The president was married to Ivana — with whom he had IvankaDonald Trump Jr., 42, and Eric Trump, 36 — from 1977 to 1992. He was then married to Marla Maples — with whom he had daughter Tiffany Trump, 26 — from 1993 to 1999 (following a notorious cheating scandal with Maples while still married to Ivana).

Trump then married First Lady Melania Trump, with whom he shares son Barron, born in 2005. (Ivana was briefly wed to Alfred Winklmayr in the '70s before marrying Trump; she later married Riccardo Mazzucchelli and Rossano Rubicondi.)

Ivana, who said Monday she's now "very good friends" with her ex, also spoke about not getting to know Mrs. Trump, 50.

"No, I speak directly to Mr. President," she said. "I don't get involved with the ex-wives and his private life. We talk about our children, sometimes we talk about economics ... but we don't talk about the ex-wives."

In response to being asked whether the first lady is doing a good job, Ivana said she was "not sure," adding: "She is very quiet, and she doesn't really go to too many places. She goes to stuff when she has to go, but she's quiet."

In 2017, Ivana told ABC News, laughing, that "I have the direct number to White House but I don't really want to call him there because Melania is there and I don't really want to cause any kind of jealousy or something like that because I'm basically first Trump wife, okay? I'm first lady, okay?"

(Mrs. Trump's spokeswoman responded at the time: "There is clearly no substance to this statement from an ex, this is unfortunately only attention-seeking and self-serving noise.")

In the January 2018 book Fire and Fury: Inside the Trump White House, author Michael Wolff claimed that Ivanka has had her sights set on one day becoming president from the get-go, with husband Jared Kushner in support of the aspiration.

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“Balancing risk against reward, both Jared and Ivanka decided to accept roles in the West Wing over the advice of almost everyone they knew. It was a joint decision by the couple, and, in some sense, a joint job. Between themselves, the two had made an earnest deal: If sometime in the future the opportunity arose, she’d be the one to run for president. The first woman president, Ivanka entertained, would not be Hillary Clinton; it would be Ivanka Trump,” Wolff wrote in a preview piece published at the time in New York magazine.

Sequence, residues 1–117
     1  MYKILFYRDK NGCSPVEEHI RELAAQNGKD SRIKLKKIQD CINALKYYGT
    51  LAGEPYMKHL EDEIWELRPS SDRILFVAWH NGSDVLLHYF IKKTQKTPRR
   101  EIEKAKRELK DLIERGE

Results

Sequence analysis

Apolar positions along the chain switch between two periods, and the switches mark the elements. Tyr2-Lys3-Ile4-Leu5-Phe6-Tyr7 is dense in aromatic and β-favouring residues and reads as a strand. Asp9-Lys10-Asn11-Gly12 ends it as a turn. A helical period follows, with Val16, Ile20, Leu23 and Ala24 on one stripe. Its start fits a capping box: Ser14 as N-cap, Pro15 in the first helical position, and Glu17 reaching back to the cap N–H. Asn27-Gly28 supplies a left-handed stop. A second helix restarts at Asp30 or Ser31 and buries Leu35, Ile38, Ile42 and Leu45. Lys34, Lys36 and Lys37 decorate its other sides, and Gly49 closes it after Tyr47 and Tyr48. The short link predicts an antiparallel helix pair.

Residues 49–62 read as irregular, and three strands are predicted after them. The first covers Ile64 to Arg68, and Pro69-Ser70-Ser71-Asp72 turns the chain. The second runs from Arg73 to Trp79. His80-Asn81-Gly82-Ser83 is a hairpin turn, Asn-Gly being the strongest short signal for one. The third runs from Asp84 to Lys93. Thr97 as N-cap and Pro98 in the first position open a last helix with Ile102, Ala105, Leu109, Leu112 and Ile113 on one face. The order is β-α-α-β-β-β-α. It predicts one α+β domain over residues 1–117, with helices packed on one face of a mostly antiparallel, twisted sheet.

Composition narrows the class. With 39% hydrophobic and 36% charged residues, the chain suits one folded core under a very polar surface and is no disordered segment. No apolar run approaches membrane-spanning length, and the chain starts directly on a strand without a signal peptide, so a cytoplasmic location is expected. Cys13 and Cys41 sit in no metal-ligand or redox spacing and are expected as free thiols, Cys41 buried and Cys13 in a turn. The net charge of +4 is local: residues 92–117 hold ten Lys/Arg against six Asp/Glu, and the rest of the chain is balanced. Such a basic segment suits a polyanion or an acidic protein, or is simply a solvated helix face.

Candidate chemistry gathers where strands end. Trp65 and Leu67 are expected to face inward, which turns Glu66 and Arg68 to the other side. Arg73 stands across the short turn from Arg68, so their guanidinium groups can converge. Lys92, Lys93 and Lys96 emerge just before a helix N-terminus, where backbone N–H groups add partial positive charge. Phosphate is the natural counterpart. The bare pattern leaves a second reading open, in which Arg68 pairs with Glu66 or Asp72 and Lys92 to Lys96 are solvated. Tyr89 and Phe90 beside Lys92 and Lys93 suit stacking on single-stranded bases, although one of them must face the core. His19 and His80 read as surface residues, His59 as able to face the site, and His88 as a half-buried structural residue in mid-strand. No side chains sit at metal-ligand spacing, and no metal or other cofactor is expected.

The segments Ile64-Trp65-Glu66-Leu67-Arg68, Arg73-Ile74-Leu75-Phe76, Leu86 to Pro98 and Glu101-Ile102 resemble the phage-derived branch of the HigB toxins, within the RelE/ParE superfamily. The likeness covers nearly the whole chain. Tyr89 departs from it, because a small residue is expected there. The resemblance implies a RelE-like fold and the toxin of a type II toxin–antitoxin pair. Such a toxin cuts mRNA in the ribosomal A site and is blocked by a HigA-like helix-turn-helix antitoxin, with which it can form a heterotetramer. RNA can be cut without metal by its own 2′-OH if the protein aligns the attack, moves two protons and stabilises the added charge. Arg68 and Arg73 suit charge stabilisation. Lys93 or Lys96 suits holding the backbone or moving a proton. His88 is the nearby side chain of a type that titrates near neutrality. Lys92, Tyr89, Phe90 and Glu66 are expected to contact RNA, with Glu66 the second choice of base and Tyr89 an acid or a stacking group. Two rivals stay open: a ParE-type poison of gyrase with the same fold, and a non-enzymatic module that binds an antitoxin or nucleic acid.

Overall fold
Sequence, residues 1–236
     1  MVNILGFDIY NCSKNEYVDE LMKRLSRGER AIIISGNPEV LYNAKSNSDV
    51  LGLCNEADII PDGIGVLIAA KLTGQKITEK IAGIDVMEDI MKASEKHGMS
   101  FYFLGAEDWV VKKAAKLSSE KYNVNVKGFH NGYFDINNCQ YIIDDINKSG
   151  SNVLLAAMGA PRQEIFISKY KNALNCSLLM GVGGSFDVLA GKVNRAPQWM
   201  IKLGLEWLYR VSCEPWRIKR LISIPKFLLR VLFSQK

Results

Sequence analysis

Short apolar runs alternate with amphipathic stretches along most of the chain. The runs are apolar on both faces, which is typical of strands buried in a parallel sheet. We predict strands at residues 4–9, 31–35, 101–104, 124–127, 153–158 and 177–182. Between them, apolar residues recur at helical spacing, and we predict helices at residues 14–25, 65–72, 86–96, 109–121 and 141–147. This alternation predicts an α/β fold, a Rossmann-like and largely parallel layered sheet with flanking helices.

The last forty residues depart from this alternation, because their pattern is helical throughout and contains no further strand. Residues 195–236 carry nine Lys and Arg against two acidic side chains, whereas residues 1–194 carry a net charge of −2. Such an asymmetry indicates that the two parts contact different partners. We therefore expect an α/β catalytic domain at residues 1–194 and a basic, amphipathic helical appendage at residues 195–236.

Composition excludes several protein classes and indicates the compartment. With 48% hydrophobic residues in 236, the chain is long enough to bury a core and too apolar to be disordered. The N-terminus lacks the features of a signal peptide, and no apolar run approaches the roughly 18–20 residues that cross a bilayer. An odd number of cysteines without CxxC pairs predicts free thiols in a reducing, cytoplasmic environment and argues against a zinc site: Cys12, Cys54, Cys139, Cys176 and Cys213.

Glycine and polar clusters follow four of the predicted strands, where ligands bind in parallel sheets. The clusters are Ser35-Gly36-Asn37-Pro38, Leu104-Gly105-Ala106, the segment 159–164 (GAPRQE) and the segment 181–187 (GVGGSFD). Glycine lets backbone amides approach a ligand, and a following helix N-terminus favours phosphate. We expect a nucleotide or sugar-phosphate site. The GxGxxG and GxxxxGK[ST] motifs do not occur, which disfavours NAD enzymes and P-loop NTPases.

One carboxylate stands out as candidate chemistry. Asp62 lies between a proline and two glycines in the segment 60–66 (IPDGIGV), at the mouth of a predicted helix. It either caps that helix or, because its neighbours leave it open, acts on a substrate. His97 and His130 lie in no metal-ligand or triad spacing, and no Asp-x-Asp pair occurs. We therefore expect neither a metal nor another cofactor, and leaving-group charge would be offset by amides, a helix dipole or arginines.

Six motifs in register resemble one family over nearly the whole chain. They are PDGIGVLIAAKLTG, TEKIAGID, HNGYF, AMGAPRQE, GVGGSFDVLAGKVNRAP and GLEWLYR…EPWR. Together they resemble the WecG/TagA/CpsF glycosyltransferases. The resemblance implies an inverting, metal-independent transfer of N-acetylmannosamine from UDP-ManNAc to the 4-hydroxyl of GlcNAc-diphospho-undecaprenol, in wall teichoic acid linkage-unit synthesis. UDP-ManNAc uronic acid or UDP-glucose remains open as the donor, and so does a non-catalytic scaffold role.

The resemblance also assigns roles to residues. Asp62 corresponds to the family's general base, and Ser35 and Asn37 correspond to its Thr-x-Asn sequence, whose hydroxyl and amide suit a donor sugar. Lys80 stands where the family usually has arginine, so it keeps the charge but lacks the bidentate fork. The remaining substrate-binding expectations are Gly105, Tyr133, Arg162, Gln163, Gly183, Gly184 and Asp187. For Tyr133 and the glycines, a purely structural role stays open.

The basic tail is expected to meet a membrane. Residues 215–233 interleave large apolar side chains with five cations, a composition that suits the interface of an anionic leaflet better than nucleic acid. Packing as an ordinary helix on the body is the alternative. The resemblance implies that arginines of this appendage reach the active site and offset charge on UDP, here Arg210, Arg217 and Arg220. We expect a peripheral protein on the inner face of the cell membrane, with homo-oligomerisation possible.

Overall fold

Wolff's book was roundly criticized by the White House after it was published, though he had access to the administration while reporting it.

Ivanka, who joined the White House in 2017, has been praised by some for her work on women's and workforce issues. But she has also been accused by critics of nepotism and hypocrisy for her role as a senior aide practicing a kind of strategic silence — less inflammatory than her father but a proponent of his policies.

Ivanka's role in helping pass a December 2019 law that extended paid parental leave, for example, was called out by late-night host Samantha Bee, who was previously caught in a brief controversy after calling the first daughter a “feckless c---" (for which she later apologized).

“I guess even a Trump has to do something right occasionally,” Bee joked on her show after the law passed.